Now think about those people that you have lost in your life. If you were able to go back in time and see them again - what would be the first thing that you do? What would you say to them? How would you spend your time with them? We probably won't get the opportunity that Mitch had - but what if we did? 

I would tell my grandmother thank you for the Cabbage Patch kid on Christmas and the homemade tuna fish sandwiches and letting me eat Cool Whip out of the container. I would thank my grandpa for letting me play in his garden in the summer, pretending I owned a flower shop and for using his house as a great hide and seek spot. I would thank my boyfriend from high school for making me laugh, for campaigning for my votes  when I got Homecoming Queen junior year. I would ask my dissertation advisor about what she was afraid of - she always seemed so sure of herself! - what made her scared, about her failures in life. I would ask friends that my classmates and I had lost too soon -what was your favorite memory with your friends - what are your dreams? How can I help you.... If I had one more day.

Personally, I like to surround myself with people that make me laugh, that fill me with so much emotion that it's impossible to not feel like I'm truly alive. I'm so blessed to have those people in my life --- whether it's here, back in my hometown, or across the country. It is those people that are the most important. That have seen me at my worst - my best - my failures and successes. It is those people that keep me coming back swinging each day - no matter what life tosses me. So we can't control time. But we can control the choices we make within it. What you allow is what will continue. And that goes for the people you choose to surround yourself with.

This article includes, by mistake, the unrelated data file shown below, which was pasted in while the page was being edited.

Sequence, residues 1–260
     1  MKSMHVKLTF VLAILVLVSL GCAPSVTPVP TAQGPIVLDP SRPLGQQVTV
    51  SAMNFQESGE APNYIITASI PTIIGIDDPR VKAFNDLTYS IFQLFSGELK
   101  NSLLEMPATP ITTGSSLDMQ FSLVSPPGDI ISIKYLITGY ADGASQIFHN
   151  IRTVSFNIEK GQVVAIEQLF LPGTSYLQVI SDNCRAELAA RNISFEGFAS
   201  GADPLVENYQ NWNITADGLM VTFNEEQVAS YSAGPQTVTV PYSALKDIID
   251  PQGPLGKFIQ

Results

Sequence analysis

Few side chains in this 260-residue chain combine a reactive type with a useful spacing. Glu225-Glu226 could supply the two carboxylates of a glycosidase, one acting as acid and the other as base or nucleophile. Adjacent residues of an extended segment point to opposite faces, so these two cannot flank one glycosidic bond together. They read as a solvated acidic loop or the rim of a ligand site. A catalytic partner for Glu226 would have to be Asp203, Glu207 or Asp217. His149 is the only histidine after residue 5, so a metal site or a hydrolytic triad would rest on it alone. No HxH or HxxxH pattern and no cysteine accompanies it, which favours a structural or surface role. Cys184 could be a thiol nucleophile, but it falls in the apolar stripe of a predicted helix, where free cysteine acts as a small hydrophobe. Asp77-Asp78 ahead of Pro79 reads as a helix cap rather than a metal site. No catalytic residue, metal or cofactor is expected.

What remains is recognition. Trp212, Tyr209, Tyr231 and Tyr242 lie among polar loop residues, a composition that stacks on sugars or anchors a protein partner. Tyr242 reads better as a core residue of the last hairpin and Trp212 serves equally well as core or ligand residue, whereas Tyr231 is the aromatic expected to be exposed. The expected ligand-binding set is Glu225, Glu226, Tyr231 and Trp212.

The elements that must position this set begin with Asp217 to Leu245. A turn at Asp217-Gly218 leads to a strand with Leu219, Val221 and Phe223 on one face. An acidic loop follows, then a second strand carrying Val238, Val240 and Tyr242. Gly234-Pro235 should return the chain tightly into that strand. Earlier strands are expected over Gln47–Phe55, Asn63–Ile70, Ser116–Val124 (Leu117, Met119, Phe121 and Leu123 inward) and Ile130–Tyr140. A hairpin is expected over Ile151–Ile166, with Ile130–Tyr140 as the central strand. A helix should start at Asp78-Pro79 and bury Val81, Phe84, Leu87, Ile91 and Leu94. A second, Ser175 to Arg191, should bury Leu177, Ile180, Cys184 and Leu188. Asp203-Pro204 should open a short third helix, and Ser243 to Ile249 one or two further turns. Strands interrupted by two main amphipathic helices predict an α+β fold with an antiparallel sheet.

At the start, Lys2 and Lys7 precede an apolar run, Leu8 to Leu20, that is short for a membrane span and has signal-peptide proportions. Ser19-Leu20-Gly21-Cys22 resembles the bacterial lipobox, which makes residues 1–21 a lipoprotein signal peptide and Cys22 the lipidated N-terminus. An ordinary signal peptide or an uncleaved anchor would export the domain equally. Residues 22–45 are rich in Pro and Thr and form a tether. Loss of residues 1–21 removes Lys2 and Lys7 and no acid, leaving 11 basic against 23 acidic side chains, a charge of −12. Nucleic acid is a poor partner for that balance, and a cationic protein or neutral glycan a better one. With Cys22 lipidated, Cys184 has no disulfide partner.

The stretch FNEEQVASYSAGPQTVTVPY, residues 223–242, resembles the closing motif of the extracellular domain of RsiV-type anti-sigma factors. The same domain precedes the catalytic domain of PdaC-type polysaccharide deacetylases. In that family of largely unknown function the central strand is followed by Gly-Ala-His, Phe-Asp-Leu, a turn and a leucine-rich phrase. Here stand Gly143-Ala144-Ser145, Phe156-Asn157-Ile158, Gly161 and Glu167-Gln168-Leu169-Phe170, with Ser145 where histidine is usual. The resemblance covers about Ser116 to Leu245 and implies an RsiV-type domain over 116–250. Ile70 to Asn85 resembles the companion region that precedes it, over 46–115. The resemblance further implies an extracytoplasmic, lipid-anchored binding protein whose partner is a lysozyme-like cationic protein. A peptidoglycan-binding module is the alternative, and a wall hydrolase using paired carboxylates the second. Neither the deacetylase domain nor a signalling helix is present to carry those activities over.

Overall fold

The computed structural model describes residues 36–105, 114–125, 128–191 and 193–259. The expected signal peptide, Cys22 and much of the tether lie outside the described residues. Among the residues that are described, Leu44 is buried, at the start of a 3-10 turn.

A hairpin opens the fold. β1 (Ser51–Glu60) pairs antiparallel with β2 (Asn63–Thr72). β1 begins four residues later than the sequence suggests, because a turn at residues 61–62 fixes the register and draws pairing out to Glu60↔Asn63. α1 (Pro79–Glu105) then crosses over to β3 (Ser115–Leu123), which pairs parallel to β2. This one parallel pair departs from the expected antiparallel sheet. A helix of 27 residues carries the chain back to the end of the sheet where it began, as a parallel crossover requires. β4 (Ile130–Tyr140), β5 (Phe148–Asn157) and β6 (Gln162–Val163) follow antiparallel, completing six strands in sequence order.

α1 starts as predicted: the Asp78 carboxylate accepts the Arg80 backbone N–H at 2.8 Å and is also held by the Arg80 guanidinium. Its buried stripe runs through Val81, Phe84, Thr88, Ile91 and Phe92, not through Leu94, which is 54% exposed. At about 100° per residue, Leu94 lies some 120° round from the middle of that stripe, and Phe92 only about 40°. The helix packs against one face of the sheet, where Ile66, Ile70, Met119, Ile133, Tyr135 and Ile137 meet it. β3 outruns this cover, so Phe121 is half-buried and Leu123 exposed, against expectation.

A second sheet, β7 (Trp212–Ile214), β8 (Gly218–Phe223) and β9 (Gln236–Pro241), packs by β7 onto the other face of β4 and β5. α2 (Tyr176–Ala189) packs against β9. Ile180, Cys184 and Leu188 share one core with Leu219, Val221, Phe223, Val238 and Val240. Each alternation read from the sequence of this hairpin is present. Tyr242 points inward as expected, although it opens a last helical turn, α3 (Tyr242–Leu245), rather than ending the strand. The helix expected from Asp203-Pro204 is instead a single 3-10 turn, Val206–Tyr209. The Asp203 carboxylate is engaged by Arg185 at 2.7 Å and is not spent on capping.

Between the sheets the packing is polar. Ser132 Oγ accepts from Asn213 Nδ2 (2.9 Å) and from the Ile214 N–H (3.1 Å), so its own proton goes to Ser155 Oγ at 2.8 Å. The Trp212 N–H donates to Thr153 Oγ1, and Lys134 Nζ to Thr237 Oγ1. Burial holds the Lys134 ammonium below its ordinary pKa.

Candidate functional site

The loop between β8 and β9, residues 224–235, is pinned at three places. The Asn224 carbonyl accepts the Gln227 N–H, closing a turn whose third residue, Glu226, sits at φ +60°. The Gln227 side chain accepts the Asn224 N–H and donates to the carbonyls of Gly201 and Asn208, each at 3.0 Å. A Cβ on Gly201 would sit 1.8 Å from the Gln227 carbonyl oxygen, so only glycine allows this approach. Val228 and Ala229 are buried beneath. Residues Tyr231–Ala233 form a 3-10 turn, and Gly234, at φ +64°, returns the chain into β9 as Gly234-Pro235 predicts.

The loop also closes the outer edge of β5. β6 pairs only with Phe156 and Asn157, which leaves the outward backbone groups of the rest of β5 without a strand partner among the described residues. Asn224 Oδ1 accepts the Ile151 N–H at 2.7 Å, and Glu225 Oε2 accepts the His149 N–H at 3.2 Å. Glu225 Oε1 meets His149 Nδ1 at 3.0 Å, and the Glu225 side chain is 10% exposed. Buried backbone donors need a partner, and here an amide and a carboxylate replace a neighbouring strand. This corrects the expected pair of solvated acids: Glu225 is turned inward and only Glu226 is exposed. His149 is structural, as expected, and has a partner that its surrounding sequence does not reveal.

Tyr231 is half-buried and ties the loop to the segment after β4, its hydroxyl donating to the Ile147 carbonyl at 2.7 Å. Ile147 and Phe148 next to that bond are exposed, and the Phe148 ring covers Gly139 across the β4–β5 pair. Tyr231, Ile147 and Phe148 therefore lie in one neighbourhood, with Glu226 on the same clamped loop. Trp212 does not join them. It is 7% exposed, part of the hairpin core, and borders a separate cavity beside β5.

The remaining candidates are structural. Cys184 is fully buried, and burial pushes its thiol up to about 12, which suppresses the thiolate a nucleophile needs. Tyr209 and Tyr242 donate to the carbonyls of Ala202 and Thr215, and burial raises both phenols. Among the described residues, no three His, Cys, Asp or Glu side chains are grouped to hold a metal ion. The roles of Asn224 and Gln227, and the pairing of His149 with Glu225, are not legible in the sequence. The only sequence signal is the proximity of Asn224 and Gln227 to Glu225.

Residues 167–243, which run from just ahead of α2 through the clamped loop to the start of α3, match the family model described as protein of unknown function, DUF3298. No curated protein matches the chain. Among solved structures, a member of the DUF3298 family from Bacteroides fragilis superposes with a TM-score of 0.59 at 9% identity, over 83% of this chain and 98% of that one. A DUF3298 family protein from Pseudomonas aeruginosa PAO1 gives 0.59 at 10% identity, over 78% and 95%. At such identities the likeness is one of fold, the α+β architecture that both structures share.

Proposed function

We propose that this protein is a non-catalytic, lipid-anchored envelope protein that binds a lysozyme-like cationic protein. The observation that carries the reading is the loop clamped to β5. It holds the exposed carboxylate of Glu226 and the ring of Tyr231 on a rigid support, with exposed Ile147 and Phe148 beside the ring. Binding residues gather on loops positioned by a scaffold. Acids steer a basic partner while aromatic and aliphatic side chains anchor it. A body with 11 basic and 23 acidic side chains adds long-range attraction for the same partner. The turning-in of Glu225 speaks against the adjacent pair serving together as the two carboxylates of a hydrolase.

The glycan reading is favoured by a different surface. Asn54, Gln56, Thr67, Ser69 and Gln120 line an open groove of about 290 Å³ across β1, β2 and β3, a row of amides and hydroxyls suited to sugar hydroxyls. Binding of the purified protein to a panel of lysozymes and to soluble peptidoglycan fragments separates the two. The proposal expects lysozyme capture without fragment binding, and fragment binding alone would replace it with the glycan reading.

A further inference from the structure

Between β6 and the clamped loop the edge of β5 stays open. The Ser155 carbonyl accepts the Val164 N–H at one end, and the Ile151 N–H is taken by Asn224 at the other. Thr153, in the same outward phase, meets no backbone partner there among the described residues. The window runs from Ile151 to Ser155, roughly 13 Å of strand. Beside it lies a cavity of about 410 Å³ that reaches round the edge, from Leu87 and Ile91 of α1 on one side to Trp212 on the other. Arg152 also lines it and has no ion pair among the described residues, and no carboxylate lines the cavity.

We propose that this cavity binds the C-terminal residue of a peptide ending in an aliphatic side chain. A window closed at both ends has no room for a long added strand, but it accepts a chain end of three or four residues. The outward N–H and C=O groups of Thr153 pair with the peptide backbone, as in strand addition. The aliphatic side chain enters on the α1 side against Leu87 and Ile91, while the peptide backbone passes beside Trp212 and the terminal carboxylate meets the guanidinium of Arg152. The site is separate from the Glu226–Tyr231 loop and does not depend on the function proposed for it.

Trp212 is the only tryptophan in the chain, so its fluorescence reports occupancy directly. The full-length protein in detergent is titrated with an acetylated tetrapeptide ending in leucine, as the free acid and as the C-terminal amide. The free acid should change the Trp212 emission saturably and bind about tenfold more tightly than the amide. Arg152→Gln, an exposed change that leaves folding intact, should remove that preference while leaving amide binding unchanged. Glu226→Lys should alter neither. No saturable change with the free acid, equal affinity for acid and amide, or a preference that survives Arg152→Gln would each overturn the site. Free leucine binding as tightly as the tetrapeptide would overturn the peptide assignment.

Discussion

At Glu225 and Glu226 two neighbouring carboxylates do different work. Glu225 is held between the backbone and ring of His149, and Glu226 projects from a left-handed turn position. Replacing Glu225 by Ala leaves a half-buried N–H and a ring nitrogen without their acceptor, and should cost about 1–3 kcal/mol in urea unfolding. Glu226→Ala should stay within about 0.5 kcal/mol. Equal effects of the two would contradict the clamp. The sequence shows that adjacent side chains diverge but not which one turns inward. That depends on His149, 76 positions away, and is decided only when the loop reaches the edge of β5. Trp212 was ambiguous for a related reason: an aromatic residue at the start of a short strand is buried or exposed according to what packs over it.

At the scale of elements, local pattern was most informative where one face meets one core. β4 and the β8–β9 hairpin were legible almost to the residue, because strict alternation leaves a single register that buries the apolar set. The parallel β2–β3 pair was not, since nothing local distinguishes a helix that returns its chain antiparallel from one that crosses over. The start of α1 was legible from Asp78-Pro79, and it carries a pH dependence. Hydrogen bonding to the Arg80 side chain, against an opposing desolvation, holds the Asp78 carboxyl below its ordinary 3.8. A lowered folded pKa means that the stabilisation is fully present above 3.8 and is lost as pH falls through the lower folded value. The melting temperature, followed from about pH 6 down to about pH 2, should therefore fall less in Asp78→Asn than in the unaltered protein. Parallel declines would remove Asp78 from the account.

Now, as I said when you first sat down, I don’t expect you to go with me here. I haven’t told this story before, but I had oped to. I waited for this chance. And I’m glad it’s come, now that it’s done.
I have forgotten so many things in my life, yet I can remember every moment of that time with my mother, the people we saw, the things we discussed. It was so ordinary in so many ways, but as she said, you can find something truly important in an ordinary minute. You may think me crazy, that I imagined the whole thing. But I believe this in the deepest part of my soul: My mother, somewhere between this world and the next, gave me one more day, the day I’d wanted so badly, and she told me all that I’ve told you.
And if my mother said it, I believe it.
“What causes an echo?” she once quizzed me.
The persistence of sound after the source has stopped.
“When can you hear an echo?”
When it’s quiet and other sounds are absorbed.
When it’s quiet, I can hear my mother’s echo still.
I feel ashamed now that I tried to take my life. It is such a previous thing. I had no one to talk me out of my despair, and that was a mistake. You need to keep people close. You need to give them access to your heart.
As for what’s happened in the two years since, there are so many details: the hospital stay, the treatment I received, where I’ve been. Let’s just say, for not, that I was lucky on many levels. I’m alive. I didn’t kill anyone. I have been sober every day since—although some days are harder than others.
I’ve thought a lot about that night. I believe my mother saved my life. I also believe that parents, if they love you, will hold you up safely, above their swirling waters, and sometimes that means you’ll never know what they endured, and you may treat them unkindly, in a way you otherwise wouldn’t.
But there’s a story behind everything. How a picture got on a wall. How a scar got on your face. Sometimes the stories are simple, and sometimes they are hard and heartbreaking. But behind all your stories is always your mother’s story, because hers is where yours began.
So this was my mother’s story.
And mine.

I would like to make things right again with those I love.

"Chick's Final Thoughts" from For One More Day by Mitch Albom, pp193-194.

Leah Flynn Gallant
MIT Assistant Dean and
Director for Student Leadership and Engagement